Cancer Causes & Control

, Volume 26, Issue 4, pp 589–600 | Cite as

Aspirin and nonsteroidal anti-inflammatory drugs after but not before diagnosis are associated with improved breast cancer survival: a meta-analysis

  • Xuan-zhang Huang
  • Peng Gao
  • Jing-xu Sun
  • Yong-xi Song
  • Cheng-che Tsai
  • Jing Liu
  • Xiao-wan Chen
  • Ping Chen
  • Hui-mian Xu
  • Zhen-ning WangEmail author
Original paper



The association between nonsteroidal anti-inflammatory drugs (NSAIDs) and breast cancer survival is still controversial. The aim of our meta-analysis was to assess the survival benefit of NSAIDs.


A literature search was conducted in PubMed and EMBASE (to September 2014). A meta-analysis was performed with hazard ratios (HRs) and 95 % confidence intervals (CIs) as the effect measures. Subgroup analyses were based on time of NSAID use (before and after diagnosis), medication type (aspirin and other nonaspirin NSAIDs), and study design (cohort and case–control studies).


There were 16 eligible studies. Use of NSAIDs after diagnosis was significantly inversely associated with relapse/metastasis (HR 0.69, 95 % CI 0.59–0.80) and tended toward potentially protective effects on all-cause mortality, although significance was not reached (HR 0.79, 95 % CI 0.61–1.02). In cohort studies, the association between post-diagnostic use of NSAIDs and breast cancer survival was stronger with reduced heterogeneity (breast-cancer-specific mortality: HR 0.65, 95 % CI 0.48–0.89, I 2 = 65.3 %; all-cause mortality: HR 0.73, 95 % CI 0.57–0.92, I 2 = 83.2 %; relapse/metastasis: HR 0.73, 95 % CI 0.61–0.86, I 2 = 48.3 %). Aspirin use after diagnosis was significantly associated with breast-cancer-specific mortality (HR 0.69, 95 % CI 0.50–0.96) and relapse/metastasis (HR 0.75, 95 % CI 0.56–1.00), and tended toward a protective effect on all-cause mortality, although significance was not reached (HR 0.79, 95 % CI 0.60–1.03). Including cohort studies only, we obtained similar results and post-diagnostic use of aspirin was significantly associated with all-cause mortality (HR 0.72, 95 % CI 0.56–0.93).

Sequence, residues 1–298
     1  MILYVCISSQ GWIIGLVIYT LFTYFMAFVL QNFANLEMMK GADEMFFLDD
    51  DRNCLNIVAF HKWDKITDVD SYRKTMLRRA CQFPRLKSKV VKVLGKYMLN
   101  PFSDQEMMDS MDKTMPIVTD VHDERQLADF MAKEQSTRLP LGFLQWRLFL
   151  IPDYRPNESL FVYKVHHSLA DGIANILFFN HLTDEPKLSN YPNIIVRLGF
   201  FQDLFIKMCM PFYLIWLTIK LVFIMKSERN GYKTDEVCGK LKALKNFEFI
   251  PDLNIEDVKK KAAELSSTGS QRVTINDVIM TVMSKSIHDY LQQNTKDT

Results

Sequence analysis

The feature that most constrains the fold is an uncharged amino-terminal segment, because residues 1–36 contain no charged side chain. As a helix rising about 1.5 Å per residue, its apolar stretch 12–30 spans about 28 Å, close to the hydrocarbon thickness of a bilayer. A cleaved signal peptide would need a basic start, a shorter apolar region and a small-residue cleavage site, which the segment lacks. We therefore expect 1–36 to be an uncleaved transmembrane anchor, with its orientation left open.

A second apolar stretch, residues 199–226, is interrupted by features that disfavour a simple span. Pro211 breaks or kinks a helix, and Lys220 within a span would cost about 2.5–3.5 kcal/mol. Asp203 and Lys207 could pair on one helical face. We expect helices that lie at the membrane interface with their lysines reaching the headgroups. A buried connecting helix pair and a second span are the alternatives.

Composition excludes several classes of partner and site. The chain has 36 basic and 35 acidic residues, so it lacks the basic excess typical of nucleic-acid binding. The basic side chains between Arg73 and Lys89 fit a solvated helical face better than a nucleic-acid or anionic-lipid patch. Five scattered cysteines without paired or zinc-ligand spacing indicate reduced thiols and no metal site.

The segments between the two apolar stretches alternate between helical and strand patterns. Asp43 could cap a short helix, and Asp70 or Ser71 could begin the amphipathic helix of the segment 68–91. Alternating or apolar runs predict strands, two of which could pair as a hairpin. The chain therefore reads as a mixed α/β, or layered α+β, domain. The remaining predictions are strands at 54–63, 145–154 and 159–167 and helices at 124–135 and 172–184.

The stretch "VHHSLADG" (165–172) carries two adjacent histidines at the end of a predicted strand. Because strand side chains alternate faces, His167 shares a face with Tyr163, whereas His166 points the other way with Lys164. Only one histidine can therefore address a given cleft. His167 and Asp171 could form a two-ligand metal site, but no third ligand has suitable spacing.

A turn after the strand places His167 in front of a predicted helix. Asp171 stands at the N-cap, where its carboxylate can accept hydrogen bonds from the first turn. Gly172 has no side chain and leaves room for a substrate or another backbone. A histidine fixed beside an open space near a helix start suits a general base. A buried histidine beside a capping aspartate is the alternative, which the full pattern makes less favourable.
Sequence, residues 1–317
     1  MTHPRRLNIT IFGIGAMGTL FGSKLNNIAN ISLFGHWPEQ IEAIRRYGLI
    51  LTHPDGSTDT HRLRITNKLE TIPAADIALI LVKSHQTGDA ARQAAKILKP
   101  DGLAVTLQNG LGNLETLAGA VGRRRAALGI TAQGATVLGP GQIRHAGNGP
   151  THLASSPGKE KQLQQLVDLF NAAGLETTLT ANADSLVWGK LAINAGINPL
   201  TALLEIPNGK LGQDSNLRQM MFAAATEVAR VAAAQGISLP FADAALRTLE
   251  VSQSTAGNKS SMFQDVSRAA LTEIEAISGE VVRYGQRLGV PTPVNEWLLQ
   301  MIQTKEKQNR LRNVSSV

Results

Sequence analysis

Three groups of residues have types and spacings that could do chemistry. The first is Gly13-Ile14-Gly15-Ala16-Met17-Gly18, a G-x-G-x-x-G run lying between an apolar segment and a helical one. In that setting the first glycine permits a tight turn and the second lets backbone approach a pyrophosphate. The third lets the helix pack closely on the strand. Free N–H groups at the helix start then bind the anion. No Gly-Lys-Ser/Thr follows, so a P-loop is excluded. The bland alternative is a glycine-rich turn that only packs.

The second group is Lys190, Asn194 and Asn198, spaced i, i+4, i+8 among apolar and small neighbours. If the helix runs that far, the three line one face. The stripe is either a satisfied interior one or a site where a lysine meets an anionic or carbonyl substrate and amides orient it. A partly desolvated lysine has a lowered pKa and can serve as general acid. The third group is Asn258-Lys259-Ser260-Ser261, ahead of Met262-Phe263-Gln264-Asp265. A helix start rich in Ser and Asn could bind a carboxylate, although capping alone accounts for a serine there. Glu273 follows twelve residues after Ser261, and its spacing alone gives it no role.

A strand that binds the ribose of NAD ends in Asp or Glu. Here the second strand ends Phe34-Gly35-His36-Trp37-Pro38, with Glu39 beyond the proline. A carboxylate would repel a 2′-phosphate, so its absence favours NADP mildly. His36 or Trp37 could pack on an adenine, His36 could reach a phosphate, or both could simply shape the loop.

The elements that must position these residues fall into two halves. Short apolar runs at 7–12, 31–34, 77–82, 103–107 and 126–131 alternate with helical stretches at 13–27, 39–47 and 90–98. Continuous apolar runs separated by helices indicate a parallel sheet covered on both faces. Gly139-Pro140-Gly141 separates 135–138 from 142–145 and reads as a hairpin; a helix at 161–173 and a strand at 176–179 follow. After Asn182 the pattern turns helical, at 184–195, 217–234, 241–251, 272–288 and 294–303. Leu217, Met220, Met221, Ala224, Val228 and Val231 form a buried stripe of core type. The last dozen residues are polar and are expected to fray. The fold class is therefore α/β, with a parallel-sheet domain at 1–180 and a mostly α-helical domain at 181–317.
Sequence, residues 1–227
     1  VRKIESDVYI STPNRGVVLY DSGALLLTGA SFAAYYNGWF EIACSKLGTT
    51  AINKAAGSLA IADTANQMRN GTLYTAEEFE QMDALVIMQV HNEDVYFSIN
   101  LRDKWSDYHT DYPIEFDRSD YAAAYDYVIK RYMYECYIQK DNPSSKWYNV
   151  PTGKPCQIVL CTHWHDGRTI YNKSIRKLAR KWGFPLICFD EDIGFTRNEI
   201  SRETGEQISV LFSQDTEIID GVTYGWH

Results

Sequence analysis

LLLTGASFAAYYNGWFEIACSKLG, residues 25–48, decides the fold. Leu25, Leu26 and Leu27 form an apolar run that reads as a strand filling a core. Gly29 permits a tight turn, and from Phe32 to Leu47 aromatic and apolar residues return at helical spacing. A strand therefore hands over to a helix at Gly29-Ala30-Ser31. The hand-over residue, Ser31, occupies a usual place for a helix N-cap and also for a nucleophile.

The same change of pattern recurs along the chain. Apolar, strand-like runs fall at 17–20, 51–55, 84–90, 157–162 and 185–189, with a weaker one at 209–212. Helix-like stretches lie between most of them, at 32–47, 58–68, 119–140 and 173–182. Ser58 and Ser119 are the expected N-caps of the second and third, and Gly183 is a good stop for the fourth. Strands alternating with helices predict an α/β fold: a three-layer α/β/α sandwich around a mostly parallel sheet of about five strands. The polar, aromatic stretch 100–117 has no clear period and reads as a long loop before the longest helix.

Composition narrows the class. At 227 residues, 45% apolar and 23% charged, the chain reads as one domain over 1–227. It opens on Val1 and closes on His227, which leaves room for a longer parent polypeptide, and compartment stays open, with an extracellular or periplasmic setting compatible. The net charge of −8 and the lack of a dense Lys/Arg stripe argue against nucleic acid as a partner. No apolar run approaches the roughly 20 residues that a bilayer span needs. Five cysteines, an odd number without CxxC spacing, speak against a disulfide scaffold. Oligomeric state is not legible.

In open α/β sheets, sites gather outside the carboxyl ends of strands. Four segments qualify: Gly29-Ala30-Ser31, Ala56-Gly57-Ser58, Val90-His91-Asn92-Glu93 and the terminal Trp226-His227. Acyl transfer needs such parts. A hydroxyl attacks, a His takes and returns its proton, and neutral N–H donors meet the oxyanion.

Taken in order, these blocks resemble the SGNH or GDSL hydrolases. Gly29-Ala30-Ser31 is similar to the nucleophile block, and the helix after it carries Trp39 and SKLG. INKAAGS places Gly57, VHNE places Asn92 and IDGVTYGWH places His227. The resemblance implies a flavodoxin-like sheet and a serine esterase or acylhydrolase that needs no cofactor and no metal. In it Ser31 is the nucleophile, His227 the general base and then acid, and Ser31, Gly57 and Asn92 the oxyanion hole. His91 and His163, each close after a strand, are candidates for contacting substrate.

NSAIDs and aspirin after but not before diagnosis were associated with improved breast cancer survival, including breast-cancer-specific mortality, all-cause mortality, and relapse/metastasis.


Nonsteroidal anti-inflammatory drugs Aspirin Breast cancer Cancer survival Meta-analysis 



We thank the department of Surgical Oncology of First Hospital of China Medical University and the College of China Medical University for technical assistance. This work was supported by National Science Foundation of China (Nos. 81201888, 81372549, and 81172370), Specialized Research Fund for the Doctoral Program of Higher Education (No. 20122104110009), and Natural Science Foundation of Liaoning Province (No. 2014029201), Program of Education Department of Liaoning Province (L2014307).

Conflict of interest

All the authors declare that they have no conflict of interest.

Supplementary material

10552_2015_539_MOESM1_ESM.pdf (347 kb)
Supplementary material 1 (PDF 347 kb)


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Copyright information

© Springer International Publishing Switzerland 2015

Authors and Affiliations

  • Xuan-zhang Huang
    • 1
  • Peng Gao
    • 1
  • Jing-xu Sun
    • 1
  • Yong-xi Song
    • 1
  • Cheng-che Tsai
    • 1
  • Jing Liu
    • 1
  • Xiao-wan Chen
    • 1
  • Ping Chen
    • 1
  • Hui-mian Xu
    • 1
  • Zhen-ning Wang
    • 1
    Email author
  1. 1.Department of Surgical Oncology and General SurgeryFirst Hospital of China Medical UniversityShenyang CityPeople’s Republic of China

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